If the condensed attribute is "Y" then the system next searches for a source with the condensed attribute set to "Y" or "N" or "P" (box 804). A similar result obtains for a source table condensed attribute set to "P" (box 806). If the source table condensed attribute is set to "N" then the system checks to determine if the copy has been initialized at the decision box numbered 808. If the copy has been initialized, at box 812 the system looks for a source table with a condensed attribute set to "N" and if the copy has not been initialized then at box 814 the system looks for a source table with a condensed attribute of "Y" or "N" or "P". If the source condensed attribute is set to "A" then the system checks the copy structure attribute for being either a base aggregate table or a change aggregate table, as indicated at box 810 (the off-page connector "12" indicates the flow diagram continues at FIG. 12).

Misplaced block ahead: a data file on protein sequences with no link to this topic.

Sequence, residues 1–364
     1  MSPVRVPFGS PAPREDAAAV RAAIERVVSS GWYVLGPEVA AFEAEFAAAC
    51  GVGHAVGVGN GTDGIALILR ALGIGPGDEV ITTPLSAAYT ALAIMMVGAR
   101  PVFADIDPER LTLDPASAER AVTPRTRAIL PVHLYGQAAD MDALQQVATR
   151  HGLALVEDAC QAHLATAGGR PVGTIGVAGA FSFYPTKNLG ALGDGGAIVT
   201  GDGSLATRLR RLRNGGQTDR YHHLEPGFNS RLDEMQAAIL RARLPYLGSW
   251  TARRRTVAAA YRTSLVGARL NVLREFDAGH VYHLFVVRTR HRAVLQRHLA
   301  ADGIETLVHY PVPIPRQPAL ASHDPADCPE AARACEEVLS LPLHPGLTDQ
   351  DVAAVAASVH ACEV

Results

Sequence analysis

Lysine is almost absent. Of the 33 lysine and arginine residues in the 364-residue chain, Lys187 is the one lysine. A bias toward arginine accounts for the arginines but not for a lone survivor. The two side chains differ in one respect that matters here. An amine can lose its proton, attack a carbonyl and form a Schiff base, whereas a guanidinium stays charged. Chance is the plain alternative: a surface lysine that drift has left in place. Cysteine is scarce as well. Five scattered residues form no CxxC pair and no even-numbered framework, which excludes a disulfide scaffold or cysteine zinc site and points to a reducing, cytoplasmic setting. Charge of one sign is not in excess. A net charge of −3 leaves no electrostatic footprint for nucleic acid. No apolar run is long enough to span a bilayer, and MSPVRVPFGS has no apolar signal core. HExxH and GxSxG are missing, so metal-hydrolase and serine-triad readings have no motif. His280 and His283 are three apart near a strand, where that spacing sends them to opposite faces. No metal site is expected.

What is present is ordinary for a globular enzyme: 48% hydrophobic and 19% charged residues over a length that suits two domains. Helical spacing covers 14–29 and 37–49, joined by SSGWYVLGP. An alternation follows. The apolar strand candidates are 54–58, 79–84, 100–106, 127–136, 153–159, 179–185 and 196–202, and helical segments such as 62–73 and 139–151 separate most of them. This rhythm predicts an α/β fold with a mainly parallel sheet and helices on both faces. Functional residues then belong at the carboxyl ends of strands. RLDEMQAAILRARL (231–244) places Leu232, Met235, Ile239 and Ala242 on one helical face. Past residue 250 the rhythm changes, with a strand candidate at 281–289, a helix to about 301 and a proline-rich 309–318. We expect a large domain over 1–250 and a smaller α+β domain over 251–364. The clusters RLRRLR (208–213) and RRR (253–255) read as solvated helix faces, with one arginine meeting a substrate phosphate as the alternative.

In FIG. 12, if the copy structure attribute indicates a base aggregate (BA) table, then at box 816 the system searches for a source table with a structure of a base aggregate table or a user table or a point-in-time snapshot (PIT) copy. Next, at decision box 818, the system checks to see if the source table structure is that of a base aggregate table. If it is, then at decision box 820 the system checks to see if the copy request contains an SQL function reference. If it does not contain an SQL function reference, then at box 822 the system refreshes the target table from the named source table. This completes the copy operation. If the request does contain an SQL function reference, then at box 824 the system calculates the SQL function value and appends the result to the target table. At the decision box numbered 818, if the source table structure is not a base aggregate, then the system assumes an SQL function and proceeds with operation at the box numbered 824.